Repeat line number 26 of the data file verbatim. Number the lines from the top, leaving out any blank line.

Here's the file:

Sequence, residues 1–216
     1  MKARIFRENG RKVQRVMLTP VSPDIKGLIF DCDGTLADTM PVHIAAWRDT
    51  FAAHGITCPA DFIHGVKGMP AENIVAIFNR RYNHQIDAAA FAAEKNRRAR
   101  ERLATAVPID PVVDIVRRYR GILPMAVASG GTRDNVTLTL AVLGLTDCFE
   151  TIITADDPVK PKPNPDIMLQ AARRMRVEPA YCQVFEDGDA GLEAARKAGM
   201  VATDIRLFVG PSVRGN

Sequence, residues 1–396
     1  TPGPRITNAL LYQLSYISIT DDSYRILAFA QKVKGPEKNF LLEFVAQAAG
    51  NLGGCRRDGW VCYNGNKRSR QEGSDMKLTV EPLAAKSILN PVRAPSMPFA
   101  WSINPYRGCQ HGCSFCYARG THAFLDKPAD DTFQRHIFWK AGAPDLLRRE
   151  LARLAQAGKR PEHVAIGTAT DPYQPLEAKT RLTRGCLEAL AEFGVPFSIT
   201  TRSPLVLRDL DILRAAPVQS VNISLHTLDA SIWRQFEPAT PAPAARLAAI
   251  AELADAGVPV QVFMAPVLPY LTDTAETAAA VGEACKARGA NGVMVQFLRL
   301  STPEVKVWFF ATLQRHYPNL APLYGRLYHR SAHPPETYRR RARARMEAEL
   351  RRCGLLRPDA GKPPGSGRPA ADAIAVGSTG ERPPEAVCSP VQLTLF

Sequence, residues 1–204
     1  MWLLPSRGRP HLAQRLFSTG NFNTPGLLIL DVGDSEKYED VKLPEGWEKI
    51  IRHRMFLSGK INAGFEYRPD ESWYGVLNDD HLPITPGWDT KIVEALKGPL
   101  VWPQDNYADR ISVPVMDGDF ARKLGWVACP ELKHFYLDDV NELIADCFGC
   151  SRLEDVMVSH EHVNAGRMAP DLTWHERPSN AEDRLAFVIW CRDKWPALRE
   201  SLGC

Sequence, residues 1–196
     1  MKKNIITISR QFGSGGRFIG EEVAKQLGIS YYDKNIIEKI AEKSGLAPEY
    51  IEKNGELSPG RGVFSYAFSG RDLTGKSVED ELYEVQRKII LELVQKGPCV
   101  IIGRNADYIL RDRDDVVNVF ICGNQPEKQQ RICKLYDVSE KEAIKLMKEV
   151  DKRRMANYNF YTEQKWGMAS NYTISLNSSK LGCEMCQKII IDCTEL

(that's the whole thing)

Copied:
   151  DKRRMANYNF YTEQKWGMAS NYTISLNSSK LGCEMCQKII IDCTEL